As deaths from Ebola virus mount in the worst affected countries, the European Union put up 24.4 million euros Thursday in a "race against time" to find Ebola vaccines and treatments.
The funds will be fast-tracked "in order to start work as soon as possible," the European Commission said, with the latest figures showing nearly 4,900 dead and 10,000 cases in Liberia, Sierra Leone and Guinea.
"We're in a race against time on Ebola and we must address both the emergency situation and at the same time have a long term response," Commission head Jose Manuel Barroso said.
The Commission, the EU's executive arm, said it was working with industry to develop vaccines, drugs and diagnostics for Ebola.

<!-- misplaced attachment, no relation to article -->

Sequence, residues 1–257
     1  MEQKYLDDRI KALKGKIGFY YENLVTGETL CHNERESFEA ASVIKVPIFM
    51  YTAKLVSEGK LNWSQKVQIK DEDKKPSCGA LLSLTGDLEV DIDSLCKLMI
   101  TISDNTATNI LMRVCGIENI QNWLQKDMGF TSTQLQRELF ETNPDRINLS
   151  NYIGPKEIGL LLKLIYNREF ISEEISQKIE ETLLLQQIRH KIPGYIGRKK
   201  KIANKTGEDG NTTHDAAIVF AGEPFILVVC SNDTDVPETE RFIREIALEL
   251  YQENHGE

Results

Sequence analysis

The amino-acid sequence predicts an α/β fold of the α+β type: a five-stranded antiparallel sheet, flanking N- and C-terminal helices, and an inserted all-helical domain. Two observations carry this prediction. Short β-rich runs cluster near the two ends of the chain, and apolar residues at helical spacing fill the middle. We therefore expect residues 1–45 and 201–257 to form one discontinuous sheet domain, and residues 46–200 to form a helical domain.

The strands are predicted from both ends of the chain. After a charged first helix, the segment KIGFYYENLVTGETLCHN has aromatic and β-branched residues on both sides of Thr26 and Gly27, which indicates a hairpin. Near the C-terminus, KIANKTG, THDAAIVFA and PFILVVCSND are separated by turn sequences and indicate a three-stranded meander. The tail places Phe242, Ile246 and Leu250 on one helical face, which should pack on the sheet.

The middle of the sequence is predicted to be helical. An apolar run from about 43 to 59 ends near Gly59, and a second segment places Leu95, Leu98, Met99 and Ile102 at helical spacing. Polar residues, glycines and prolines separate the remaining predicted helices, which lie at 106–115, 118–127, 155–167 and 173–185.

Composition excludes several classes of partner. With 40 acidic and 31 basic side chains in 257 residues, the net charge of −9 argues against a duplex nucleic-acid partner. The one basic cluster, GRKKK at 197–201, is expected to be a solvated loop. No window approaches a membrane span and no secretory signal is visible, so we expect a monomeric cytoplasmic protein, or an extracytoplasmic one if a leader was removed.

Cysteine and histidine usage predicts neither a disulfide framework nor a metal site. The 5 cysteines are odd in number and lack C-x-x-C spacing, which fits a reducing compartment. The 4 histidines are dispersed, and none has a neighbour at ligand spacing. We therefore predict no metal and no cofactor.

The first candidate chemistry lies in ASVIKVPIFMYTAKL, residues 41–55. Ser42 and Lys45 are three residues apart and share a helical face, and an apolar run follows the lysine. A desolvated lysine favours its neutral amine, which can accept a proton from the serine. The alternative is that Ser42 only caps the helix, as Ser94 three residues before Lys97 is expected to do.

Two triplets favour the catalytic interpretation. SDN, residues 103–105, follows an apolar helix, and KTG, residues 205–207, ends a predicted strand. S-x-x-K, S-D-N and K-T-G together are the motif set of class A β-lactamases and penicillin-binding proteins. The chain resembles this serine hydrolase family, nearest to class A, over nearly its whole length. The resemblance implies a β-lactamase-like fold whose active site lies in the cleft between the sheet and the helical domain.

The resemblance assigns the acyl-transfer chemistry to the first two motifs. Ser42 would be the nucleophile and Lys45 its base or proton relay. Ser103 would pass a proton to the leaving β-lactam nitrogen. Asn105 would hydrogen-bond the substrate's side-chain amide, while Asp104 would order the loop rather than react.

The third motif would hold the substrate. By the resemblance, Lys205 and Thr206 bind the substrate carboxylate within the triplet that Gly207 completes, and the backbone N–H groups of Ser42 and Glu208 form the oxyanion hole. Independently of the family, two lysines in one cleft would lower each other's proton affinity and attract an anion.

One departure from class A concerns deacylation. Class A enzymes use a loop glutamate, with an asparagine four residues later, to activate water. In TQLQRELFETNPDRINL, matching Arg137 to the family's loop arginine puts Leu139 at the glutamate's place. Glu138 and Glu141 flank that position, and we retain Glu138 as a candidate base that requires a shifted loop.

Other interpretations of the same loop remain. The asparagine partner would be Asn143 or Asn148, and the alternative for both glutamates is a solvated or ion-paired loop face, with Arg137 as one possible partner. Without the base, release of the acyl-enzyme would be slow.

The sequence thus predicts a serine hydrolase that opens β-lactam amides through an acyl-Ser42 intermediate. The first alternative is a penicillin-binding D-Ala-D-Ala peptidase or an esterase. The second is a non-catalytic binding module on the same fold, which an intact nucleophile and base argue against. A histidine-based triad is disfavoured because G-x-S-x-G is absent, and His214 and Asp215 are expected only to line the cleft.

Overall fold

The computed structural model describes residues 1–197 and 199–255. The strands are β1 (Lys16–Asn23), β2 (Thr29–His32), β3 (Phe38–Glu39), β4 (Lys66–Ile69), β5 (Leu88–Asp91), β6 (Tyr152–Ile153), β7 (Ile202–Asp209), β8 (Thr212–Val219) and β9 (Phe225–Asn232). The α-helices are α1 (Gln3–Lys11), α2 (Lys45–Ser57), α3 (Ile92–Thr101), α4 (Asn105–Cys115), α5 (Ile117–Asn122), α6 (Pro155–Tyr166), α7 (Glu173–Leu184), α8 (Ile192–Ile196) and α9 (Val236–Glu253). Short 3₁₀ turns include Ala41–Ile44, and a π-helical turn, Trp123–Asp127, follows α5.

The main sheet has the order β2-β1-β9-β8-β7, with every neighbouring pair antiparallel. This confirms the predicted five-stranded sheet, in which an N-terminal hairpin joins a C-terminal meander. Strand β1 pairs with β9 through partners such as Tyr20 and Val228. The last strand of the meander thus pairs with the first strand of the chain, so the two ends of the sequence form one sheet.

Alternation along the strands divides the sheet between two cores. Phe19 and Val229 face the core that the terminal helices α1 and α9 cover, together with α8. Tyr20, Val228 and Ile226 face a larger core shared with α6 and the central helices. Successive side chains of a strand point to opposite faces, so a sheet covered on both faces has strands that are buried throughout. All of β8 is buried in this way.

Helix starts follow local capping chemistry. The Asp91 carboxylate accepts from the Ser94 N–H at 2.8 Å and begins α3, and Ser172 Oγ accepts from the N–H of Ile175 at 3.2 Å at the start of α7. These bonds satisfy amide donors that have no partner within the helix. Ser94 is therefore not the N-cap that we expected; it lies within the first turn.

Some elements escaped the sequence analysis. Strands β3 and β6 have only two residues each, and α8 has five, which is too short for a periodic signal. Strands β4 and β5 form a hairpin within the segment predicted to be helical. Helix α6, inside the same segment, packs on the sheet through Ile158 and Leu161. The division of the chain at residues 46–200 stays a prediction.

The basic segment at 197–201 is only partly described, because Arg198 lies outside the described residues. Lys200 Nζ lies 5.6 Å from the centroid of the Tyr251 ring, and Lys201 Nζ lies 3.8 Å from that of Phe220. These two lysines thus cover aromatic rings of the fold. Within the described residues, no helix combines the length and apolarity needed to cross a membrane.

So far the 28 EU member states have offered 180 million euros ($234 million) in humanitarian and other aid to help deal with a health crisis which could shortly be producing 10,000 cases a week with a death rate of 70 percent.
The EU is meanwhile contributing medical staff and facilities on the ground, with Ebola likely to be a major talking point at an EU leaders' summit Thursday and Friday in Brussels.
A draft summit communique obtained by AFP said the EU would appoint an "Ebola coordinator" to work between Brussels, member states and international organisations.
The World Health Organization is coordinating efforts to tame Ebola, for which there is currently no vaccine nor cure, only therapeutic treatments.
The WHO is due to release its latest findings later Thursday amid hopes experimental vaccines now being tested could be available early next year.